In this case, it would have been impossible for the police to give the defendant a copy of the traffic citation at the time and place of the violation because he had fled the scene. Moreover, until the next day the police believed that another individual was the guilty party. Therefore, the exceptions for cases in which "the violator could not have been stopped" and in which "additional time was reasonably necessary to determine . . . the identity of the violator" applied. The complaint against the defendant must be dismissed, however, because the police did not issue a citation and mail or deliver it to the defendant "as soon as possible after such violation." G. L. c. 90C, s. 2. Rather, as the Commonwealth concedes, no copy of the citation was ever mailed or delivered to the defendant.
The Commonwealth has provided no reason why the failure to comply with the statute should be excused. The Commonwealth argues that one of the statute's purposes, "afford[ing] prompt and definite notice of the nature of the alleged offense to the putative violator," Commonwealth v. Cameron, 416 Mass. 314 , 316 (1993), quoting Commonwealth v. Pappas, 384 Mass. 428 , 431 (1981), was not thwarted because the defendant was provided with ample notice of the charges against him. But, despite the police officers' knowledge of the defendant's identity on April 26 and knowledge of his address by May 3, the defendant received no notice of the charges until June 17, when a summons issued for him to appear in the Boston Municipal Court on July 17. This is not a cm in which the, serious injuries resulting from the traffic violation or the arrest of the defendant at the time of the incident put the defendant on notice of the potential charges against him and created an ineradicable record of the event. See, e.g., Commonwealth v. Pappas, supra at 431 (accident resulting in death); Commonwealth v. Gorman, 356 Mass. 355 (1969) (arrest). In such cases, delays in giving the citation to the defendant have been excused in order to further the statute's express purpose, bringing violators of automobile laws "uniformly to justice." Gorman, supra at 358.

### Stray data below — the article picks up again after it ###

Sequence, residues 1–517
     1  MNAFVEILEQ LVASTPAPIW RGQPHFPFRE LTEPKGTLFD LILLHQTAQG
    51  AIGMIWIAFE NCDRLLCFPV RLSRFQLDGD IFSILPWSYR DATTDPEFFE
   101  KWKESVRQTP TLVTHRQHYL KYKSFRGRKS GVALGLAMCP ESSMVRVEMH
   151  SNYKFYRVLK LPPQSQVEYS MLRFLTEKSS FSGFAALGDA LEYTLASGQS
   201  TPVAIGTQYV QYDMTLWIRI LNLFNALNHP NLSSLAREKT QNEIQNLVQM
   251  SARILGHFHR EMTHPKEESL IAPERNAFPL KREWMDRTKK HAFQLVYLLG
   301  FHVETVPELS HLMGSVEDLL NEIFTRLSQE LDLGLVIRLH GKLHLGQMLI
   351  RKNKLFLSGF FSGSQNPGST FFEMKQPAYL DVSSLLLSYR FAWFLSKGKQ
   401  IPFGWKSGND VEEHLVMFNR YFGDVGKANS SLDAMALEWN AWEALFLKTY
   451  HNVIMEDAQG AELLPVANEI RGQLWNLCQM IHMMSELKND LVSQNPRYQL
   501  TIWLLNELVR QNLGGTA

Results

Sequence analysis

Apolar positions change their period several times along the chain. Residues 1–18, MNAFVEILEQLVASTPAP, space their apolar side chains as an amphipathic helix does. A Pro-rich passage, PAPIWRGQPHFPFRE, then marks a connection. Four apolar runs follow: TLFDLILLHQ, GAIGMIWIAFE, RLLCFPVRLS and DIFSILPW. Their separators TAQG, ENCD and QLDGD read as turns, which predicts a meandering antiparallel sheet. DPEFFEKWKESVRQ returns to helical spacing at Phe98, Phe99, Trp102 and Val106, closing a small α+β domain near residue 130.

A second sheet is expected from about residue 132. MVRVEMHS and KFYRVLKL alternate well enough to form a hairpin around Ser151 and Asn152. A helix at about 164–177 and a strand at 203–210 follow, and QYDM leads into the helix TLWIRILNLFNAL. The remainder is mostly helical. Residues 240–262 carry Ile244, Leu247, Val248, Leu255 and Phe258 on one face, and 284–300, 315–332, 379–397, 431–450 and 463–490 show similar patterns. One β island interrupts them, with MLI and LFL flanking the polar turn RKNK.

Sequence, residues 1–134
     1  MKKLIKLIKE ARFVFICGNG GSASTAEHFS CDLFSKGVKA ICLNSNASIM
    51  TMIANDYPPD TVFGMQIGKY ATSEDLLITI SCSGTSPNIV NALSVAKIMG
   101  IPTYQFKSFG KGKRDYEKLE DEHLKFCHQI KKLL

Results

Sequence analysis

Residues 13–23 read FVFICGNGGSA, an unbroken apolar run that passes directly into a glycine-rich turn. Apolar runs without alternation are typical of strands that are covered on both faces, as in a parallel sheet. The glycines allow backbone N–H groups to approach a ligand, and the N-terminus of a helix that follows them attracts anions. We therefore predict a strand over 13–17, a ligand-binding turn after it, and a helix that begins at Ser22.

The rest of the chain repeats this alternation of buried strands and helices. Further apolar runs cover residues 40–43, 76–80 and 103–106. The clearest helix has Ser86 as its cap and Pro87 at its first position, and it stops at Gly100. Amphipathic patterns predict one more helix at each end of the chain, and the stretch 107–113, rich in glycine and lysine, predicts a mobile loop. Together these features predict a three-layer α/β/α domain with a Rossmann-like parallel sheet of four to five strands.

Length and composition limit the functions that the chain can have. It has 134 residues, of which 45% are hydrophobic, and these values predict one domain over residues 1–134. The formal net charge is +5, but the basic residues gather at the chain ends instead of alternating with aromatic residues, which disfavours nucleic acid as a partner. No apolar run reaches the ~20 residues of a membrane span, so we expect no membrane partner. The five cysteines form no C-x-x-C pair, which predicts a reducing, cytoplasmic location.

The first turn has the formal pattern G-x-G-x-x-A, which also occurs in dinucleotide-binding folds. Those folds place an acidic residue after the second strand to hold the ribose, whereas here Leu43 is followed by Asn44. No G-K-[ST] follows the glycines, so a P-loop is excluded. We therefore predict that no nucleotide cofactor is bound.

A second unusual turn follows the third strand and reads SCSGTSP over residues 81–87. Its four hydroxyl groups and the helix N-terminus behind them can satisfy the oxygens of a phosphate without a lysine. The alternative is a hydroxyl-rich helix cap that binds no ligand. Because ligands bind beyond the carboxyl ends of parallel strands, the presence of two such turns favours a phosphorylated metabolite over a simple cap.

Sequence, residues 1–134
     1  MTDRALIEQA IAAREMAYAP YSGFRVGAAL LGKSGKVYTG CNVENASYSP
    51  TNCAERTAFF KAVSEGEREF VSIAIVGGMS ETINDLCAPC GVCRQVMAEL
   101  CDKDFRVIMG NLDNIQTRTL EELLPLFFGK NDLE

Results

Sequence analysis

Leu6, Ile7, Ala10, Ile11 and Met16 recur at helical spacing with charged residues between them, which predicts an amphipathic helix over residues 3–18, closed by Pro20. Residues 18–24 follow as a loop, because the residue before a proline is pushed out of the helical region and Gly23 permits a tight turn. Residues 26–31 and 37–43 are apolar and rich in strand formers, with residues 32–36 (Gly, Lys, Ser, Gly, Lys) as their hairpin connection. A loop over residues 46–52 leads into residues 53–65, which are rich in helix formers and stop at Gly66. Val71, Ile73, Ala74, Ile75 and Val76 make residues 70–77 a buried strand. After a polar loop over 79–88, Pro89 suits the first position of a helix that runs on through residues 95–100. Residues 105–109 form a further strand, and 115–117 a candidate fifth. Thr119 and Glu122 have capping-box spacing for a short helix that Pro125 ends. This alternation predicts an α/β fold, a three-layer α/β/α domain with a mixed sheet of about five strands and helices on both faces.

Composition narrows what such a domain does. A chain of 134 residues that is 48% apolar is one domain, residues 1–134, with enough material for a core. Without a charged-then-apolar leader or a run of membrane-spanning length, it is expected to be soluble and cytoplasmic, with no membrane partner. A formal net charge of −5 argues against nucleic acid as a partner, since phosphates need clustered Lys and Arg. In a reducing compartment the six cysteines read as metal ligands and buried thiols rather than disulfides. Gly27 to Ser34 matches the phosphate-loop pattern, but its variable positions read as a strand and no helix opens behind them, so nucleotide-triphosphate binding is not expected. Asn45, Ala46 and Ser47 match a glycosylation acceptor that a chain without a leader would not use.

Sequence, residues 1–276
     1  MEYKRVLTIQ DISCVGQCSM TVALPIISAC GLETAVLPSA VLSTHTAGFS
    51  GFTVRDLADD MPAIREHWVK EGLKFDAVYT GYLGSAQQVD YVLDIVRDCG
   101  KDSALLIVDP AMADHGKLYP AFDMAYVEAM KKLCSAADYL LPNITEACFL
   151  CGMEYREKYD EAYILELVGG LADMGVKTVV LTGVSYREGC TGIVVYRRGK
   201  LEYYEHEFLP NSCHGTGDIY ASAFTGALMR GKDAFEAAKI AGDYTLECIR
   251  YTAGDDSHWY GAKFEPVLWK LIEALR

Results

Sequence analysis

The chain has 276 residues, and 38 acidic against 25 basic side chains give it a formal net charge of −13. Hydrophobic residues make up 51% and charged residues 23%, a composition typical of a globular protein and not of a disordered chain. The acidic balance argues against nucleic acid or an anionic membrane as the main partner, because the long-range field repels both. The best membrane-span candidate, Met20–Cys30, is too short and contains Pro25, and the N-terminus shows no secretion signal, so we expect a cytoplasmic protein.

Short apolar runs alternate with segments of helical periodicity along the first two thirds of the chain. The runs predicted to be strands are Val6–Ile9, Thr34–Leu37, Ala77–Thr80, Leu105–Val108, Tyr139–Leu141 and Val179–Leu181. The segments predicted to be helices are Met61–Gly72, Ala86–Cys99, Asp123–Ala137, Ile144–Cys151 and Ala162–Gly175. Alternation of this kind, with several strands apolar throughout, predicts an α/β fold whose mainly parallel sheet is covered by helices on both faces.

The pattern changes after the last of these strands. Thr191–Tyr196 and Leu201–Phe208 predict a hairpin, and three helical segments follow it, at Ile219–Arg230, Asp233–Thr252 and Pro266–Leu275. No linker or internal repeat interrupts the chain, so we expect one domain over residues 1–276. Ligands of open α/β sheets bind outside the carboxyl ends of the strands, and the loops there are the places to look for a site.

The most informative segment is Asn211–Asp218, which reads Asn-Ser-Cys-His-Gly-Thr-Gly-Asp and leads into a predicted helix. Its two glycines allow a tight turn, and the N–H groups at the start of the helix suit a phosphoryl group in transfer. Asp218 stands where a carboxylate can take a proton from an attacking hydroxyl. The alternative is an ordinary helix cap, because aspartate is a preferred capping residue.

Nor is this a case involving a mere "flaw of detail" that may be overlooked in order to promote the statute's broader goals. Commonwealth v. Perry, supra at 283-285. This is not a case in which the police delayed briefly in delivering the citation to the defendant or handed the citation to a close relative of the defendant rather than the defendant himself. Such technical errors have sometimes been excused. See, e.g., Commonwealth v. Russo, 30 Mass. App. Ct. 923 (1991) (police gave citation to defendant at hospital one hour after accident rather than at scene of accident); Perry, supra (police handed citation to defendant's father outside defendant's hospital room rather than to defendant due to his physical condition). The police here completely disregarded the statutory mandate to mail or deliver the citation to the defendant "as soon as possible." G. L. c. 90C, s. 2. They failed to mail or deliver the citation at all.
The resulting delay in notice, not excused by any "circumstance" other than inattention by the police, contravened the statutory goal of "insuring that a motorist, who has not been arrested, receives immediate notice of the violations with which he is charged, and whether a complaint or merely a written warning will issue." Commonwealth v. Gorman, supra at 357358. See Pappas, supra at 431; Commonwealth v. Giannino, 371 Mass. 700 , 703 (1977); Commonwealth v. Ryan, 22 Mass. App. Ct. 970 (1986). The second purpose of the statute, known as a "no-fix" law, see Cameron, supra at 316, is preventing "manipulation or misuse of the citation process." Id. at 316 n.2. This goal is also furthered by the prompt issuance of a citation to the defendant or, as we have mentioned, some other event such as his arrest or the causing of a serious injury, which creates such a record that manipulation is extremely unlikely. The defendant's convictions must be vacated and the complaint dismissed. See Perry, supra at 283 ("where an important feature of the statutory arrangements was flouted through sloth or sheer inattention of the police, the subsequent complaint has been dismissed") [Note 2].